Archive for the ‘Fiction’ Category


The Maenad

November 30, 2009

Quietly, quietly, whispered the nymphai with their hands and lips and soft, soft smiles. Come quickly, but come quietly.

Their winged words reached my ears, and fell over my skin as shimmering stars. I plucked a heart from the air and held it to my chest, let the blood drip.

My skin yearned for the explosion; my breasts ached with unfulfilled need. The nymphai danced silently ahead, writhing in wild ecstasy.

Lions roamed at their feet, and bared their teeth when I walked closer. So I danced: I became one of them, throwing back my head, spinning round and round.

I felt his eyes on me, anciently hungry, and I danced faster. I became a rabbit, darting here and there, and when the leopard came I jumped into his jaws.

I opened my eyes. Sweat covered my skin. My body tingled and ached with release and need. I smiled at my god’s statue and stepped back, still trembling with love.


Fiction: Pasithea: Restless

October 15, 2009

The cream walls melt beneath her fingers, gliding down and settling over the carpet. Brown and cream mix together, circling her feet and then spreading up over her bare calves, thighs and hips. The colour clings to her, a second skin of delirium, as she walks silently through her husband’s halls.

“Hypnos?” she whispers, forcing each reluctant word out of the warmth of her body and into the chill night world. There is no answer, and she tries again: this time slightly louder. Still, though, he does not answer; she does not know if he even remains among the living, or if he has once more drifted to the world of the sleeping dead.

The hall hums with energy – it pulses under Pasithea’s restless worry, lending further agitation to her uncharacteristic state. She begins to move more swiftly, shoving her delicate, white feet through the streaming rivers of murmuring colour.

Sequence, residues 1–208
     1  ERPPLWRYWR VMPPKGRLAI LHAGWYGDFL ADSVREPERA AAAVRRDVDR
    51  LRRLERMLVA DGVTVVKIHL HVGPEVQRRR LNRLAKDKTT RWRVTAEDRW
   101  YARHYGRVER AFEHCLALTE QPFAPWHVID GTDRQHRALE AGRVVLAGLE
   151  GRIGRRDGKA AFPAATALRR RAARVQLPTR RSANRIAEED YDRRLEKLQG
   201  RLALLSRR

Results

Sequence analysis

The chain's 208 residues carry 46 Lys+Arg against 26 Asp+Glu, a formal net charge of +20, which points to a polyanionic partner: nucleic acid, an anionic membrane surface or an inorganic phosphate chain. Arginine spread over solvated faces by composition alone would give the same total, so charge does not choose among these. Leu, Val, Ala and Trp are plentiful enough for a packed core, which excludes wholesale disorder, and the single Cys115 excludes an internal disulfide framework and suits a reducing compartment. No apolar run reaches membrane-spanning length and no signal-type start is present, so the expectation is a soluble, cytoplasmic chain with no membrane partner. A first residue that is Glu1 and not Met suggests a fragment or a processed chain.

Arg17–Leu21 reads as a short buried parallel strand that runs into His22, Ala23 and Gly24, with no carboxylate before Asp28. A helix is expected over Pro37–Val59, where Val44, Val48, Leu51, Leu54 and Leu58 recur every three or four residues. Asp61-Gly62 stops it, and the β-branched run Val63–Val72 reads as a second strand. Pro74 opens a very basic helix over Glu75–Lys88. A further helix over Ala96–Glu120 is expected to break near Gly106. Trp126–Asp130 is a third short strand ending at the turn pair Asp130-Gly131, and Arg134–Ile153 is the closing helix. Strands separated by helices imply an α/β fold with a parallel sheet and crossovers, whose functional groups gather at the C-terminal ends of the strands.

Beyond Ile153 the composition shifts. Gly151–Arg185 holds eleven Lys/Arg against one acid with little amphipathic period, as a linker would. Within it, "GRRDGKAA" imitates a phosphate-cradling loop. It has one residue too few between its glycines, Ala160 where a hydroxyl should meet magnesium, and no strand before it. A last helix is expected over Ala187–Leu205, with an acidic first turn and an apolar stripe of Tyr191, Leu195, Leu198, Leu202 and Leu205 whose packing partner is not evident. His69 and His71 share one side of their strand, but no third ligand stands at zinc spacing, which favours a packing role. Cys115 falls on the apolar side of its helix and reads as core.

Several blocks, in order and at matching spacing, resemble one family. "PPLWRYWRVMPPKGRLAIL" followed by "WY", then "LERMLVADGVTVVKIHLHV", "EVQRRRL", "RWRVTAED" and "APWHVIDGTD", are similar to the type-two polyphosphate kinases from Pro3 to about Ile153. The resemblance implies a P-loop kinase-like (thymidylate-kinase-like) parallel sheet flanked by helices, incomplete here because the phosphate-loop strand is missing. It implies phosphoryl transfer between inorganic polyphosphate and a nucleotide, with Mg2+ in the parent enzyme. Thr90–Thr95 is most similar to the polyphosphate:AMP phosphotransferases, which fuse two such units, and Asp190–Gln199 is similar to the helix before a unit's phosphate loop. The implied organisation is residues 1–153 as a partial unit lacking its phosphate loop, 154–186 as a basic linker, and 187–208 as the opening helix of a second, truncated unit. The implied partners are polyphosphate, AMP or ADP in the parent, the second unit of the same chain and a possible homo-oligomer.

She finally reaches her husband’s door, her limbs heavy and quivering with tension, and Hesykhia, guardian of the sleeping Hypnos, is beside her immediately. Pasithea whispers wordless pain against Heskyhia’s silent lips, softness yielding to harsh as the need to rest overwhelms her spirit. “My husband,” is all she manages to say, her tongue barely able to wrap around the word and force it from her trembling lips.

Soundlessly, Hesykhia takes her into her arms and pushes open Hypnos’ door. The lord of sleep is tangled in the sheets once placed down by careful hands – he stirs as Hesykhia carries his Kharis wife through the room.

“Insanity,” Pasithea breathes as Hypnos stands, his eyelids barely open and his shoulders sagging with exhaustion. Hesykhia, as silent as a gargoyle, hands her to him and they sink, together, to the bed. The door eases shut behind Hesykhia as she leaves; Hypnos kisses his wife’s cheek, breathing in the scent of lilies that lingers constantly against her skin. She continues to whisper: “Madness, delirium, blood, death.”

He, smiling, kisses her eyelids and interrupts: “Love.”


Fiction: Thoth: Bookshop

September 29, 2009